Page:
Global Challenges and Possible Solutions
Urban societies are growing almost everywhere in the world. In fact, more than half the world’s population have been living in cities since 2007(1). And this growth is coupled with a duty to take people and the environment into consideration. Cities are growing in terms of population, density and the amount of area they cover. They are also responsible for the majority of environmental problems facing humanity: massive consumption of resources, climate change caused by human activities, air pollution and the loss of biodiversity. Urbanization can also have undesirable social consequences, such as health problems, increasing social inequality and declining social cohesion.
News and images from rapidly growing cities in Africa, Asia and South America seem far removed from our lived experience, and the traffic jams and smog in Mexico City or Dakar make our traffic problems seem trivial by comparison. Nevertheless, traffic in the metropolitan area of Berlin costs our society several billion euros each year(2), not to mention the horrific indirect costs we inflict on the rest of the world. Although some lobbyists still promote the expansion of road networks, the time has long since come to start gradually replacing fossil fuel-powered transportation. It’s bad enough that our lifestyle relies on excessive consumption and is being imitated all over the world. Our planet won’t be able to cope if other nations choose the same path as we have. This is another reason why it is so important that we take action to transform our cities.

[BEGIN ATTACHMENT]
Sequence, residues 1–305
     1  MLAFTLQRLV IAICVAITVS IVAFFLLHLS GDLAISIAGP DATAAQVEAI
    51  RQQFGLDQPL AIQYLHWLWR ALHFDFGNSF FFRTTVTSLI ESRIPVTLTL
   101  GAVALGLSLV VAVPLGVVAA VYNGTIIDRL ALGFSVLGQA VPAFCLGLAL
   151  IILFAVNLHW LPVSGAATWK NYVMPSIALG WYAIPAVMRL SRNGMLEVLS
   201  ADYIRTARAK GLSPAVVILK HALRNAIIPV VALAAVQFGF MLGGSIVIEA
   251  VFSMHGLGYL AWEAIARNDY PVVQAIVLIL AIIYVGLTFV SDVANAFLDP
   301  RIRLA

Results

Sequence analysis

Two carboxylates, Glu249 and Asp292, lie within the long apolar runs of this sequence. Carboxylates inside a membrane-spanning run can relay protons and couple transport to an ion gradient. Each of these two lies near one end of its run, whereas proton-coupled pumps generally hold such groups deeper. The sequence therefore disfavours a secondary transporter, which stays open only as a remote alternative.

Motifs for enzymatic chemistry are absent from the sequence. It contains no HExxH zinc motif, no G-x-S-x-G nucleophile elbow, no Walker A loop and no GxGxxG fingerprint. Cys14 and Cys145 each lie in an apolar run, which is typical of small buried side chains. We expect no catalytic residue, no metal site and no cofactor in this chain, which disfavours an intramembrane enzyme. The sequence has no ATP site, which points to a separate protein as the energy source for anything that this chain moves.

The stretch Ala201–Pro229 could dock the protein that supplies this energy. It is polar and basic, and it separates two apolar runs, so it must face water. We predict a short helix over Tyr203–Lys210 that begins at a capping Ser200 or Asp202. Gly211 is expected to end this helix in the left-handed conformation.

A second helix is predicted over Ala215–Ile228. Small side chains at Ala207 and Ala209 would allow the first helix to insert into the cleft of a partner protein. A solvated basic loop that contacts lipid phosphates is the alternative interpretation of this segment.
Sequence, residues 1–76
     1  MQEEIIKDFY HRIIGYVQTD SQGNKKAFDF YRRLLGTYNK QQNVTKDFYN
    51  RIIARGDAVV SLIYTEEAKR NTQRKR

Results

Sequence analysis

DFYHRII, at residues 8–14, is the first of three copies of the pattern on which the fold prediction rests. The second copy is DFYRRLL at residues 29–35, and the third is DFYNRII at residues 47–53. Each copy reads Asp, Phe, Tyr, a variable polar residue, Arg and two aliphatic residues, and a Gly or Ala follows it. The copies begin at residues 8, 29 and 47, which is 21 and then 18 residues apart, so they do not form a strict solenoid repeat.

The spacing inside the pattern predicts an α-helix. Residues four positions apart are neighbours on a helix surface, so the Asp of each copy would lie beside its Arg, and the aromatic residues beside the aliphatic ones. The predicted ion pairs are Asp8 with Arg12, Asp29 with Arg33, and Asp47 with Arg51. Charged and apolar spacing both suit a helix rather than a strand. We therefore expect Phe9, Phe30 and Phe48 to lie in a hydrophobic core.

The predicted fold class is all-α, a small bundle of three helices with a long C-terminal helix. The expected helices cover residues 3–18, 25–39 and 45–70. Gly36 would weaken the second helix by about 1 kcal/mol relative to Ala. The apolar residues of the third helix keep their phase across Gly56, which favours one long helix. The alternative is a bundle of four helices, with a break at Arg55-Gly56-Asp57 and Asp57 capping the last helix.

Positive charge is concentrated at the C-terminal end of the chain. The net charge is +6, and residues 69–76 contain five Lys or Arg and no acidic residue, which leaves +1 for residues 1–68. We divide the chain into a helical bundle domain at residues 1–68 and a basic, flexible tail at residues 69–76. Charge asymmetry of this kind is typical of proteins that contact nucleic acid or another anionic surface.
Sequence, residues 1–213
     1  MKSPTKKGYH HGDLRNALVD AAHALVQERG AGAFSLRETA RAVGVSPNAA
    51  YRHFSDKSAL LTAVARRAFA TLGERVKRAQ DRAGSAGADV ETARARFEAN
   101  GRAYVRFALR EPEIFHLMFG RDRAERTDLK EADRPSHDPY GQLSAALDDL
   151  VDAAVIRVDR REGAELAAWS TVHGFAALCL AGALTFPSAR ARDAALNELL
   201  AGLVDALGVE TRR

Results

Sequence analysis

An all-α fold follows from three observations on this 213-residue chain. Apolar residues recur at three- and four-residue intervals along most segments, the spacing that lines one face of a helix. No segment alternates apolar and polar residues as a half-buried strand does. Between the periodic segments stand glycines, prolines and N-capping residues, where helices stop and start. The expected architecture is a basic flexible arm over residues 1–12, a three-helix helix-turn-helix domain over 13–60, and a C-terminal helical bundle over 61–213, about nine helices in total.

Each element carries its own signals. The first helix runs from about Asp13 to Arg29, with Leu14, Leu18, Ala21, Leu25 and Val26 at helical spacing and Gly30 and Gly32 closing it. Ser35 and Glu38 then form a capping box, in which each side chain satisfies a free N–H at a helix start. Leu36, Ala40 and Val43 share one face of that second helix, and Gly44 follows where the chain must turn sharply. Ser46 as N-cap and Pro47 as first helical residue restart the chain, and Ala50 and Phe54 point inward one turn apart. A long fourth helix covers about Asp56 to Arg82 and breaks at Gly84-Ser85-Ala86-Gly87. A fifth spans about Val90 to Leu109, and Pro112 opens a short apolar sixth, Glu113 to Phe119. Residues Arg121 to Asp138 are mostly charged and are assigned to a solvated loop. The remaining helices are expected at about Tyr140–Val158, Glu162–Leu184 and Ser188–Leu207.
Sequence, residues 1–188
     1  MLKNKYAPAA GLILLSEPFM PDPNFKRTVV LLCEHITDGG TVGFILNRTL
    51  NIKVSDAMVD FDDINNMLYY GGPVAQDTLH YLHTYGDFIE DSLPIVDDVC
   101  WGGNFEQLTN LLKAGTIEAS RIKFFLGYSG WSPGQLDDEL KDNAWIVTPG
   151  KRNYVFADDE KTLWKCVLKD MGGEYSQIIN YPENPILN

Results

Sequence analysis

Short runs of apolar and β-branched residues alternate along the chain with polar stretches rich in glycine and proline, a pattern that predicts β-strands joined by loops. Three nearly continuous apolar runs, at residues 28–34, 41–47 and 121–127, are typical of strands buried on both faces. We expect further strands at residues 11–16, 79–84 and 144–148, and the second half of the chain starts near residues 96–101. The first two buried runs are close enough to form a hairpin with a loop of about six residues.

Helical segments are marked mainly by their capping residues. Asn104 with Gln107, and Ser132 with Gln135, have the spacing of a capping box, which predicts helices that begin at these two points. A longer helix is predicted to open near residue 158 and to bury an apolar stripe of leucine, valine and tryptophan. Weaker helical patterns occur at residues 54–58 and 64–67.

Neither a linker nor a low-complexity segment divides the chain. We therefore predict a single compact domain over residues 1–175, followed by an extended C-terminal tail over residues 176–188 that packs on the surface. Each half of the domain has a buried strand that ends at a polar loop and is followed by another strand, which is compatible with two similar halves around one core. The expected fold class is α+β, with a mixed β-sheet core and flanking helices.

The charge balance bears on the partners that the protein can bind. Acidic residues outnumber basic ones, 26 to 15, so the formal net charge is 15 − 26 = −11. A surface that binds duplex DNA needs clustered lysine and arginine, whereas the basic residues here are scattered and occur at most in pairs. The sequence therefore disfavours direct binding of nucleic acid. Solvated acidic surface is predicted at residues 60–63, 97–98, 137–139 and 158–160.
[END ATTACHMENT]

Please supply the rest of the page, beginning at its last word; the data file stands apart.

But let’s take a look at the positive aspects of cities. After all, even though cities represent part of the problem, they also contain the solution: dense, compact construction not only reduces the energy costs of each household – it also reduces traffic(3). What’s more, the promotion of multi-modal transport options based on pedestrian and bicycle traffic and public (or shared) means of transportation represents a cost-effective shift in our cities. We also believe that the new technical possibilities of information and communication technology will contribute towards more efficient mobility.
(1) United Nations (2014): World Urbanization Prospects. The 2014 Revision. Department of Economic and Social Affairs, New York
(2) INRIX Research (2014): Europe’s Traffic Hotspots. Measuring the impact of congestion in Europe. INRIX, Kirkland et al.
(3) Umweltbundesamt (2017): Die Stadt für Morgen. Umweltschonend mobil – lärmarm – grün – kompakt – durchmischt. Umweltbundesamt, Dessau